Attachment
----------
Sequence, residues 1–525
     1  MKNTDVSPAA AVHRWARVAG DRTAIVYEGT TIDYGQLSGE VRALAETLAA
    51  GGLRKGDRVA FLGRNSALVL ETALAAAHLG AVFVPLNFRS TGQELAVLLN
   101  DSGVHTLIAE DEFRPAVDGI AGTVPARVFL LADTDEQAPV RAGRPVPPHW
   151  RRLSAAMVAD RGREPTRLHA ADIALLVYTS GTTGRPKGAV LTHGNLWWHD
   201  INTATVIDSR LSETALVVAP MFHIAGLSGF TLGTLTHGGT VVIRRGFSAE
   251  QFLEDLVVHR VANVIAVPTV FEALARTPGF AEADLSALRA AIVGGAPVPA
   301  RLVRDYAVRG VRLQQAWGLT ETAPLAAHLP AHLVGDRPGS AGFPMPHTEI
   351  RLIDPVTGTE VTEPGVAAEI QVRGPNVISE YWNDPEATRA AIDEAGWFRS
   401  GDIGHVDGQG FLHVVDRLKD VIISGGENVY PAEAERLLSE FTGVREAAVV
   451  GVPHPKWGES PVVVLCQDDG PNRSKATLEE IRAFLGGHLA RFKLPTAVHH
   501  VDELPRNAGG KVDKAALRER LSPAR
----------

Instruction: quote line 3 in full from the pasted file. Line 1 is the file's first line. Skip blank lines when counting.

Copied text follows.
    51  GGLRKGDRVA FLGRNSALVL ETALAAAHLG AVFVPLNFRS TGQELAVLLN